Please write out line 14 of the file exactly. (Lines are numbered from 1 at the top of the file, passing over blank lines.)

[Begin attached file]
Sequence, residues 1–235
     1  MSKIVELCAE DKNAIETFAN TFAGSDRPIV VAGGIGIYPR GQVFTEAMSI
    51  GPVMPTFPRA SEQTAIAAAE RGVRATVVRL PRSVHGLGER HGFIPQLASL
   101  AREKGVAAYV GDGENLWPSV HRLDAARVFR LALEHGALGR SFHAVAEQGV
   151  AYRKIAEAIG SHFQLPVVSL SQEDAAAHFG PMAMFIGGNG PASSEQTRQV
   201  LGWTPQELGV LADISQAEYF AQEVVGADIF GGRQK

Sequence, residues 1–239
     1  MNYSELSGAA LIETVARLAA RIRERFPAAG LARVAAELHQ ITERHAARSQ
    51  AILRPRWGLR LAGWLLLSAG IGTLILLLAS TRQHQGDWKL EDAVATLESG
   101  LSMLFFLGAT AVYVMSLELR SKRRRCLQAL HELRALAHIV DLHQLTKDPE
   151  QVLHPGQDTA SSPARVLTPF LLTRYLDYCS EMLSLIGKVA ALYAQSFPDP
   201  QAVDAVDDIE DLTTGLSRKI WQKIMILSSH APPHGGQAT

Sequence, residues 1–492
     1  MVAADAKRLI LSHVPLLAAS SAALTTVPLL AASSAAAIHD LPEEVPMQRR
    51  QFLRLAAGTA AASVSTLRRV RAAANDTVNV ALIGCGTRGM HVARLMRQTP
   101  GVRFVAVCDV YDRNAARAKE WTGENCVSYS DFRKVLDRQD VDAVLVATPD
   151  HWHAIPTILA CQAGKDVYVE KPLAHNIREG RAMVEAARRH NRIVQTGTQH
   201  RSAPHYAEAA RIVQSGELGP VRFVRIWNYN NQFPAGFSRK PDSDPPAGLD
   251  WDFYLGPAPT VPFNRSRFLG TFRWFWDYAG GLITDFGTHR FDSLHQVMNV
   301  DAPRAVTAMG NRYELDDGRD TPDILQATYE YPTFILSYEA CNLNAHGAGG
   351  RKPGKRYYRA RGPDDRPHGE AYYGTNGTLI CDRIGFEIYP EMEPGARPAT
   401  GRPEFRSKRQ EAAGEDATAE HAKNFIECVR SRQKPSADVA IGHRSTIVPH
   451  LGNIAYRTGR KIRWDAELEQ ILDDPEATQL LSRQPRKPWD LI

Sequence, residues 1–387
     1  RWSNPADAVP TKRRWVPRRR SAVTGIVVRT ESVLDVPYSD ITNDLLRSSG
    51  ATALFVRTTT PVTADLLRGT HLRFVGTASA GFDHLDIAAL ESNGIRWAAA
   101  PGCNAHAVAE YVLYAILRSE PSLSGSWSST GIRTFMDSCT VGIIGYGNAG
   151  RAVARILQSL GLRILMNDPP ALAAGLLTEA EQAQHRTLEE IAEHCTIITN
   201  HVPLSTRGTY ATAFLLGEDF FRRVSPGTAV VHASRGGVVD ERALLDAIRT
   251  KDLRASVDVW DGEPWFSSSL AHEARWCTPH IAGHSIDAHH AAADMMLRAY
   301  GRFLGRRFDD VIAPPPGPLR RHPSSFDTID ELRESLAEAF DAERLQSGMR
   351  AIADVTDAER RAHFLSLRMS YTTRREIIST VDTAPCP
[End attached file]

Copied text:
     1  MVAADAKRLI LSHVPLLAAS SAALTTVPLL AASSAAAIHD LPEEVPMQRR